Letting the Cat out of the Bag: Ulmer’s The Black Cat and World War I

Edgar Ulmer’s The Black Cat (1934) possesses undeniable cult cred in the form of pickled dead wives, sexy Bauhaus sets, and, of course, Lugosi flaying Karloff alive. I cherish it for all these reasons. However, more important, I believe that it’s the first mainstream horror movie to show the link between the “nightmare picture” genre cycle of the 1930s and its aesthetic and emotional origins in World War I.

Unlike Dracula and Frankenstein, adaptations of gothic novels, The Black Cat completely abandoned the Poe short story which it misleadingly claims as its source. Instead, the plot of the film revolves around Dr. Vitus Werdegast (Bela Lugosi) and his quest for revenge against his former comrade-in-arms in the Imperial and Royal Army of Austria-Hungary, Hjalmar Poelzig (played by Boris Karloff, who else?). The film even takes place in an old WWI-rampart-turned-evil-lair, Fort Marmorus, complete with old battle charts and gun turrets!

As Lugosi’s character travels back to the site of such historical carnage, he also undergoes a psychological transformation from civilized doctor to a man ruined by war and hate. At the risk of sounding grandiloquent (too late, but this is Universal Horror!), Werdegast’s pilgrimage is really a voyage to the heart of repressed WWI memories.

Take, for instance, the scene in which Werdegast and the newlyweds (who’ve chosen inexplicably to vacation in rural Austria) are driven from the train station. A shot, taken from the inside of the car, reveals the hood of the old-fashioned vehicle as it proceeds down a long muddy road, sparkling with streams of rain. This image conveys a documentary quality and anticipates the filth and sogginess of the following descriptions of World War I battlefields and trenches.

The driver lugubriously informs his passengers: “This road was built by the Austrian army.” In the low-key lighting and indistinctness of the rainy night, the chauffer, wearing the gaudy, gold-accented livery of the Hotel Hungaria in Gömbös, appears to wear a soldier’s uniform.

Delivering a grim monologue, the driver paints lurid word-portraits of Marmorus during the War, including such disturbing morsels as “the ravine down there was piled twelve-deep with dead and wounded” and, “the little river below was swollen, a red, raging torrent of blood.” 

Rather than cutting to the landscape or a flashback, Ulmer’s camera focuses on the reactions of the passengers. Like a couple at the cinema, slowly finding themselves drawn into the tale, the newlyweds at first hold back laughter then take on increasingly grave expressions. Werdegast, shown in a moodily lit close-up, closes his eyes as if in a trance.

Like a couple in the cinema: a parallel audience, the innocent newlyweds, the Alisons, listen to tales of WWI horrors.

The directorial decision to recount the story of Marmorus in this manner comments powerfully on the significance of such war narratives to modern life. Here, the tales and memories of no-man’s-land acquire the same kind of atmospheric cache as the prerequisite vampire lore or supernatural legends of more conventional horror films. For the Allisons, as for the moviegoers, the brutality of WWI already represents a myth, a treasury of shock-value yarns trotted out by tour guides, but still a collective inheritance of unconscious fears difficult to ignore.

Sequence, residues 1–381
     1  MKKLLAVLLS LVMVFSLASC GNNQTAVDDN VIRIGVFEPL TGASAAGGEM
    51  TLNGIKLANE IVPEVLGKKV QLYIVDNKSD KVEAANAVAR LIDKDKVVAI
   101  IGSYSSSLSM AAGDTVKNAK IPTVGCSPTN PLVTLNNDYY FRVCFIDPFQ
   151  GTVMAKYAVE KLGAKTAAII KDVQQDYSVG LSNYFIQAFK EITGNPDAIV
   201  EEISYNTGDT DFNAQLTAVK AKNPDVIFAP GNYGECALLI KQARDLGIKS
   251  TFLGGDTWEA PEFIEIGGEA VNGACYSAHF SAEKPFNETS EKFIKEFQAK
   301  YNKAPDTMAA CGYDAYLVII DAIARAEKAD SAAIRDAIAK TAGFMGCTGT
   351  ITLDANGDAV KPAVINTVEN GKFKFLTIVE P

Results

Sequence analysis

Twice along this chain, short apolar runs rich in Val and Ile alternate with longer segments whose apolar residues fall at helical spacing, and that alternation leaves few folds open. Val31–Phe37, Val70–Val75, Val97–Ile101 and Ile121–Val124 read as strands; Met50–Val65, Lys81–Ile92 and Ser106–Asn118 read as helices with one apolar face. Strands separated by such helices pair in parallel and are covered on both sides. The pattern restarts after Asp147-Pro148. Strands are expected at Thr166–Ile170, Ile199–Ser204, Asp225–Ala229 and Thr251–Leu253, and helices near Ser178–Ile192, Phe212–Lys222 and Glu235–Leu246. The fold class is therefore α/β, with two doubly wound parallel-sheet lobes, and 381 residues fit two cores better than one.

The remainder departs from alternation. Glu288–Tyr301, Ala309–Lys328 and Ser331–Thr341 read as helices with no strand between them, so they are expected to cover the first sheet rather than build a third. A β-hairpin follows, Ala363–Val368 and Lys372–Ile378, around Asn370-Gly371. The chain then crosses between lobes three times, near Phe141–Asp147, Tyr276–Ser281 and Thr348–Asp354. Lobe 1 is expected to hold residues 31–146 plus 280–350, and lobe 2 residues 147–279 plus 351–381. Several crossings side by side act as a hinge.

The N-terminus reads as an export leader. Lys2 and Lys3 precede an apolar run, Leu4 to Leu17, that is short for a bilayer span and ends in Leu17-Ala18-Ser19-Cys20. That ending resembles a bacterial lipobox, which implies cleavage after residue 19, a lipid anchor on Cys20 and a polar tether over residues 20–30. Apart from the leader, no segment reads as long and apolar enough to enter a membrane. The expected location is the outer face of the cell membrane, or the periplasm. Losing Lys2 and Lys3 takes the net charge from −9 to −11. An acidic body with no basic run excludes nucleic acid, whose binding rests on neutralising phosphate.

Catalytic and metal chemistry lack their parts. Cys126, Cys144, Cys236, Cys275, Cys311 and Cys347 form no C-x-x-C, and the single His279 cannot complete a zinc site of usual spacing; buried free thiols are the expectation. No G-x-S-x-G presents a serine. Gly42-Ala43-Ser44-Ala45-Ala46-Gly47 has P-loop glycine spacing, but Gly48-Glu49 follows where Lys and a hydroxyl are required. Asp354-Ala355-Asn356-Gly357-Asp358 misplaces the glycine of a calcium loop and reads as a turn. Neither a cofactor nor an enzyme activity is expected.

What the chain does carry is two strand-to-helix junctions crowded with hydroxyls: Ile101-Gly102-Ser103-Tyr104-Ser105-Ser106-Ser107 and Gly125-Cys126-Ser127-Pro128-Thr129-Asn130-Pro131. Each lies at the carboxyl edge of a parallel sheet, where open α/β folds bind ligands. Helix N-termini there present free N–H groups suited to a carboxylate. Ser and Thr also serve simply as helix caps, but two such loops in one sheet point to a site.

The return to violence: the driver who recounts battle stories goes off the road with our characters in his cab. Note the practically vertical axis: the world of the newlyweds is about to be similarly turned upside-down by their involvement with two traumatized WWI veterans.

Towards the end of the film, the stylized, geometrical designs of the “Dark of the Moon” ceremony scene in The Black Cat echo the landscapes of a WWI no-man’s-land. Poelzig performs his black mass amidst a temple of jagged, irregular shapes, framed by two obelisks and a fan-like backdrop. His pulpit comprises a giant X-shaped complex made up of obliquely angled bars.

This altar closely resembles a “knife rest” or a cruciform barrier used by Great War soldiers in order to deter onslaughts of enemy men from attacking gaps in the trench lines. Many photographs of the WWI show such impromptu ramparts, constructed from a few planks and covered with barbed wire.

Look familiar? WWI barbed wire defenses, X-shaped “knife rests.”

The jutting, irregular trappings of Poelzig’s secret cult room also recall images of the various fences, boards, and charred trees that contributed to the blasted and disorienting appearance of no-man’s-land.

Ulmer carefully supervised the set design, so I think it’s safe to assume the resemblance isn’t gratuitous, especially in light of explicit allusions to the war throughout the film. In the context of the wicked ceremony, Ulmer uses the set to stress the evil of war itself. Blending bizarre intimations of Satanism with WWI iconography, the director underscores the destructive urges of mankind to sacrifice others in the pursuit of illusory and often ridiculous belief systems.